The Justice Department said that a federal grand jury has indicted a current U.S. Department of Homeland Security agent and a former agent in connection with an alleged Chinese government-sponsored scheme to stalk, harass and spy on U.S.-based Chinese critics of Beijing.
According to the indictment, a 15-year DHS employee, Craig Miller, and a retired DHS agent working as a private investigator, Derrick Taylor, are accused of accessing and providing information about the Chinese activists from a restricted government database to two other individuals who then used the records to target the victims.
In June, both Miller and Taylor were arrested, and each faces one count of obstruction of justice. There is also an additional charge against Taylor of making a false statement to the FBI in connection with the investigation.
Fan “Frank” Liu, Matthew Ziburis and Qiang “Jason” Sun are three others indicted in the case, who allegedly carried out “the transnational repression scheme to target U.S. residents whose political views and actions are disfavored” by the Chinese government, such as advocacy for democracy in China, the Justice Department said.
The three are facing multiple criminal charges, including conspiring to commit interstate harassment and criminal use of a means of identification. Liu and Ziburis are also charged with acting as agents of the Chinese government without registering with the Justice Department, while Liu and Sun are charged with conspiring to bribe a federal official, as reported.
In March, Liu and Ziburis were arrested, while Sun, who is a Chinese citizen and allegedly orchestrated the scheme, remains at large.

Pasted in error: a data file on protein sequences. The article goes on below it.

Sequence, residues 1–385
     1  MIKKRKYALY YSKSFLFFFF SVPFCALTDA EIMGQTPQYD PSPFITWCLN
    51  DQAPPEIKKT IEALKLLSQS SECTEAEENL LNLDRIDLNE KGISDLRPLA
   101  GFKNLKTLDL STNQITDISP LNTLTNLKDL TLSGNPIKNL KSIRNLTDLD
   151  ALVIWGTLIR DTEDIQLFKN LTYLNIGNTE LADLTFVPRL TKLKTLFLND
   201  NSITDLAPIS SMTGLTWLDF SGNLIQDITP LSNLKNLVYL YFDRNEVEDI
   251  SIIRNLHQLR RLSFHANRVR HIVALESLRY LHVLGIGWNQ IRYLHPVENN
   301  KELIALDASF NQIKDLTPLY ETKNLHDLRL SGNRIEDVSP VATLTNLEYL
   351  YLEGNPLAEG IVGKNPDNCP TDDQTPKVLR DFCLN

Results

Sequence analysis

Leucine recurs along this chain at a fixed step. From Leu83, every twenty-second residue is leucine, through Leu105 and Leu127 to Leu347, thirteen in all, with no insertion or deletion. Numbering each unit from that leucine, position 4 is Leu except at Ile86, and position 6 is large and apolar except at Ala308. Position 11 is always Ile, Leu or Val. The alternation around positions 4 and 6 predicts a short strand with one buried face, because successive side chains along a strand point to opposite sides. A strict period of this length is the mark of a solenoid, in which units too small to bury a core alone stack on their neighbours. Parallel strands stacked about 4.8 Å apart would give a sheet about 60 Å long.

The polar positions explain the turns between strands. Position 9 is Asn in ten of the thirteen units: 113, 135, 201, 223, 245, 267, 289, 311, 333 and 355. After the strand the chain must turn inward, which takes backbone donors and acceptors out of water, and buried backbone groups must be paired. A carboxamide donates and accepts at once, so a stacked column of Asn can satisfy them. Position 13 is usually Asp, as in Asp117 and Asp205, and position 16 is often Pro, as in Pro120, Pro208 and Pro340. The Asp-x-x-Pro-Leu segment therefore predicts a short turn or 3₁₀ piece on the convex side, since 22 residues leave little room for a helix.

Matthew Olsen, assistant attorney general for national security, said in a statement: “We will defend the rights of people in the United States to engage in free speech and political expression, including views the PRC [People’s Republic of China] government wants to silence. As charged, these individuals aided agents of a foreign government in seeking to suppress dissenting voices who have taken refuge here.”
According to the indictment, the aim of the conspiracy was to “discredit” pro-democracy Chinese dissidents living in New York City, San Francisco and Indiana by spreading derogatory information about them.
Allegedly, in one instance, Liu paid a New York-based private investigator to bribe an Internal Revenue Service agent into releasing the federal tax records of one dissident. In order to discredit him, the goal was to publicly disclose the victim’s potential tax liabilities, but the attempt failed. No bribe was paid, as the private investigator was cooperating with law enforcement.
In another case, allegedly, the conspirators planned to demolish the artwork of a California-based Chinese sculptor critical of the Chinese government. In the spring of 2021, the dissident artist’s sculpture depicting Chinese President Xi Jinping as a “coronavirus molecule” was destroyed.
An unidentified co-conspirator, to target the dissidents, allegedly retained Taylor, the retired DHS agent, to obtain confidential personal information about multiple Chinese activists, including their passport information, passport photos, flight records and immigration records.
Miller and another DHS agent were enlisted by Taylor, to obtain the information and then passed on the records to the co-conspirator.
According to the indictment, “Liu, Ziburis and Sun used this information to target and harass the PRC dissidents, while acting on behalf of the PRC government.”
Liu Pengyu, a spokesperson at the Chinese Embassy in Washington, responded by email to a VOA request for comment: “I’m not aware of the specific situation. I would like to stress in principle that the Chinese side always asks overseas Chinese citizens to comply with the host country’s laws and regulations. We firmly oppose acts by the U.S. that groundlessly malign and smear China.”